The name may sound like an Eighties hairmetal band but at the core of these four tracks from beats the heart of a broken-hearted emo boy, namely singer/guitarist Mark Jaeschke (formerly of Kittyhawk and Pet Symmetry.) Here’s the rub: The vocals and lovely indie-rock melodies lie buried under layers of buzzing distortion and fuzz, pierced by Delia Homik’s Casio-like keyboards and leavened by two-part harmonies from bassist Clare Teeling. “Saturday Night’s Alright (For Nothing)” not only sports a clever title but a terrific lyric, with lines like “but every time we look into each other’s eyes/ we used to see the future/ now we’re just reminded that saturday’s our useless metaphor.” Burying pop songs under a maelstrom of noise isn’t new – Dinosaur Jr. was doing it 30 years ago. But coupled with lyrics that flow like conversations, eschewing verse/chorus conventions and repeating chord progressions to flow almost like improvisations – Party’z delivers a distinctive upgrade on traditional indie-emo. Only on the final track, “Follow The Sound,” does the band find its happy ending: “Let’s go underground/ where the sirens play at night/ fade out and into me/ everything’s gonna be alright.” The band put this EP together during the covid lockdown but is now working on a full-length, and I can’t wait to hear it.
I don’t know if the members of Datura wear eyeshadow and black clothes, but their music certainly does. The Wenatchee, WA trio has been knocking around the Pacific Northwest for several years, with two EP’s to their credit, but “Arcano Chemical” marks the goth-inspired group’s first full-length. The trick here isn’t the reverb’d vocals, or the pounding drums, or the spooky song titles like “Our Ship Is Lost,” “Phantasma,” or the impressive opener, “Bloody Shores.” It’s coming up those non-stop hooks and melodies that remind us why we all swooned to the Cure and Depeche Mode back in the day, no matter how silly they looked. And for a goth act, this album remains pleasantly upbeat. If like me you prefer goth that makes you want to dance, not slit yours wrists, Datura might be the ticket.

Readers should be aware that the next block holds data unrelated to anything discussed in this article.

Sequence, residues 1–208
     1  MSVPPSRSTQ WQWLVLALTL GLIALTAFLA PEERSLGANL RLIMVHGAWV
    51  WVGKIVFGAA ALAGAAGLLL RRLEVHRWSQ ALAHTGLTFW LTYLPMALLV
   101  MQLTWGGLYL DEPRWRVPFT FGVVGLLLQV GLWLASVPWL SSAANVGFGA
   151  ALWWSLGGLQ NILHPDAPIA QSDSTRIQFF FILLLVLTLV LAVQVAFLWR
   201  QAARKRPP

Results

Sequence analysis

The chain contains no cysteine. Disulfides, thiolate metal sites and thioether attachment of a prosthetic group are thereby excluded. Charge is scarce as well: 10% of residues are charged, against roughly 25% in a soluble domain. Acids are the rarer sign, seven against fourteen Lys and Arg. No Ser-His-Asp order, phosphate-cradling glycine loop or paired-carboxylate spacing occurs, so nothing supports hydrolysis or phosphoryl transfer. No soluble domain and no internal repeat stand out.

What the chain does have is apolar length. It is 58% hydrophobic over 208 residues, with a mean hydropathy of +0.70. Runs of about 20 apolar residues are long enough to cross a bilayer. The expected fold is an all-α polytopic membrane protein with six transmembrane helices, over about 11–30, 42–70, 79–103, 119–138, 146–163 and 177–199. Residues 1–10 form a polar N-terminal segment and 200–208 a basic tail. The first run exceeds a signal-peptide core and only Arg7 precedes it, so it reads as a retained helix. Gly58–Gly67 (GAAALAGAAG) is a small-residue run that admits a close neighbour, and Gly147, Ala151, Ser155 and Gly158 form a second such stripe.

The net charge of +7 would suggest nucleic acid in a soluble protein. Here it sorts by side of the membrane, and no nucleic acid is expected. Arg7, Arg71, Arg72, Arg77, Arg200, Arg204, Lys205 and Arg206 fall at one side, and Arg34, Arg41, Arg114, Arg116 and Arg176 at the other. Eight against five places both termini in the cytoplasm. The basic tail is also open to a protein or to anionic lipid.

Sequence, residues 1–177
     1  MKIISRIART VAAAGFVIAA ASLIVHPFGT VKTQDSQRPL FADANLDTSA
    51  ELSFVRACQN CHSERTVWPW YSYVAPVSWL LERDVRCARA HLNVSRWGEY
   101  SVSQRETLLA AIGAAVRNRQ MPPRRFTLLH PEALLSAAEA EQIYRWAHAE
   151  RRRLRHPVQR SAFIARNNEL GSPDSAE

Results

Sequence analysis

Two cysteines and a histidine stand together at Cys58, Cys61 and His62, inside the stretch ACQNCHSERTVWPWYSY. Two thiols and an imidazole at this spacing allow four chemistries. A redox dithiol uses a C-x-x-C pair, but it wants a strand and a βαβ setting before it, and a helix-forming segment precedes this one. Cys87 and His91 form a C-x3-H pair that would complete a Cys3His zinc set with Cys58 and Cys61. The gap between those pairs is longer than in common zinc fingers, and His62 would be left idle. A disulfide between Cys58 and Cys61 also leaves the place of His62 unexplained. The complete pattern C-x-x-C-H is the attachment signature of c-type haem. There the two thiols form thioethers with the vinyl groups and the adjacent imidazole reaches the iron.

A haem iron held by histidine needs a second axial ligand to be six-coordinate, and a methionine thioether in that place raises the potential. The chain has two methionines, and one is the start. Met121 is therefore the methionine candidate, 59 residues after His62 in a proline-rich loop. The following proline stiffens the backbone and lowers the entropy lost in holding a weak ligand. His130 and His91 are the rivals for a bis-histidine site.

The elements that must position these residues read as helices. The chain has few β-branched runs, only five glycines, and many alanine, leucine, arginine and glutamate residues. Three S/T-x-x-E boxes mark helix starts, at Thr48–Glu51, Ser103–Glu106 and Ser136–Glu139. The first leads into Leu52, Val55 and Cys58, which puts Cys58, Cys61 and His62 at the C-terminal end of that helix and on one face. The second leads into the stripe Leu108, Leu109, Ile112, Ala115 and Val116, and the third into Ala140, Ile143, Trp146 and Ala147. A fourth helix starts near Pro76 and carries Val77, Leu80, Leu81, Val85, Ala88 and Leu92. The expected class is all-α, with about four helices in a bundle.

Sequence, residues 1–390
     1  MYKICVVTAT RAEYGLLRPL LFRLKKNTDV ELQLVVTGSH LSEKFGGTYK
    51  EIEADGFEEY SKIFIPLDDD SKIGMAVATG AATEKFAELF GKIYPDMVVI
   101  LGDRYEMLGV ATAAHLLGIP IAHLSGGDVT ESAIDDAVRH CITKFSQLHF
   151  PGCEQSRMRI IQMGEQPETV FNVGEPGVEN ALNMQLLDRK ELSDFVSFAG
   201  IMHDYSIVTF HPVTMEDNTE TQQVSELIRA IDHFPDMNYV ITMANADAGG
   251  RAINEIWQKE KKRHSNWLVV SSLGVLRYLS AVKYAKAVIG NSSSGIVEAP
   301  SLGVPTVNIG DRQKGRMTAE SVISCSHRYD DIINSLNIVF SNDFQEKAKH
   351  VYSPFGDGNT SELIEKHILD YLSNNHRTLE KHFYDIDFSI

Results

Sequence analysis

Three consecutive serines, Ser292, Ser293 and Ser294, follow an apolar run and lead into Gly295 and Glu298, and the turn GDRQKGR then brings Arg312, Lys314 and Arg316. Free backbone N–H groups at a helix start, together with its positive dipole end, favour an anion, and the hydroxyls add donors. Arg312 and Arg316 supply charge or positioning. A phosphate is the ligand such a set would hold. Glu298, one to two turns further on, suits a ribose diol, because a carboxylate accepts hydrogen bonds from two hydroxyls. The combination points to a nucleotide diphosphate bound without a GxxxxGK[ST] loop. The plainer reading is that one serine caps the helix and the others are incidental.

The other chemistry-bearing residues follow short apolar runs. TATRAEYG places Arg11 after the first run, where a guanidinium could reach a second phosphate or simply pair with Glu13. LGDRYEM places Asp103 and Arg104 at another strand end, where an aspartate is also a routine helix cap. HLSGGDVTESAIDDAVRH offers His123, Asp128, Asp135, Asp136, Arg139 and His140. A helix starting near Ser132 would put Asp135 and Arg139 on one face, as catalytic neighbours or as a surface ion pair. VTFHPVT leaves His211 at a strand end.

Like Jello and dessert, there’s always room for ska, especially when it’s done with deftness and panache. On the follow-up to their 2016 debut, the impressive co-ed North London quintet turn their horn-fueled sound to five tuneful tracks that meld uptempo Nineties ska-punk, melodic 2-Tone syncopation, smooth reggae grooves and even some dub (on the 9-minute “Don’t You Look Back,”) all with a steady onslaught of danceable feel-good hooks. I also find Filthy Militia’s upbeat attitude refreshing; in an era where jaded cynicism has almost become a given; the band sings unironically in favor of inclusion, community, acceptance, and triumphing adversity together, hearkening back to a more innocent time when we believed those ideals might be possible. Stay gold, stay filthy.
The full-length won’t be here until April 1, but until then, check out this crazy single from Minneapolis’ “post-everything” trio Scrunchies. Laura Larson (guitar, vox,) Danielle Cusack (drums, vox) and Matt Castore (bass) wail like some mutant offspring of Screaming Females, Bikini Kill, and X-Ray Spex. It’s no coincidence that Larson and Cusack teamed up in a Buzzcocks tribute band called Buzzcunts or that the trio’s pedigree includes stints in Kitten Forever, teenage phenoms Bruise Violet, and Condominium. “No Home Planet” (which I assume is autobiographical) mashes up frantic screams with postpunk melodies and drums that sound like they’re falling down a flight of metal stairs. And now, this: www.youtube.com/watch?v=E94WyPX7tJE